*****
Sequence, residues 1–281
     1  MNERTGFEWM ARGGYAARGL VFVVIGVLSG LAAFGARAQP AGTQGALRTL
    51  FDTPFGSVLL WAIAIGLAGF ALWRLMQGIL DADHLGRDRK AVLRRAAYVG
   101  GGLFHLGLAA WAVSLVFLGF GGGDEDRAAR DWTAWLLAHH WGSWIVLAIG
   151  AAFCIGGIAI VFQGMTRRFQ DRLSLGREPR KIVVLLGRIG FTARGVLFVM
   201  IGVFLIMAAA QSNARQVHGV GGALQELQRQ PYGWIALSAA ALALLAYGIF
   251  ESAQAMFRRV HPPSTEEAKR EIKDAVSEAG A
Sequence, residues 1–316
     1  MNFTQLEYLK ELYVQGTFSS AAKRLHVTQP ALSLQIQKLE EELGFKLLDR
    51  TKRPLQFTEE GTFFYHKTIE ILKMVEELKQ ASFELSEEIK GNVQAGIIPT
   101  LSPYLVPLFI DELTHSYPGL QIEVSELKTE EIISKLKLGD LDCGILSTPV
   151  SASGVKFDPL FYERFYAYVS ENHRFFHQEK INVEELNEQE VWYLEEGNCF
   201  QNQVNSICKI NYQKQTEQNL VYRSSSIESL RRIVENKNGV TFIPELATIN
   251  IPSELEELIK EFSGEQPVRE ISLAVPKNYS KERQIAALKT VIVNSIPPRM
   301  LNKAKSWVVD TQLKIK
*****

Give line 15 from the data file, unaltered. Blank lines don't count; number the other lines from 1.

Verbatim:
   301  LNKAKSWVVD TQLKIK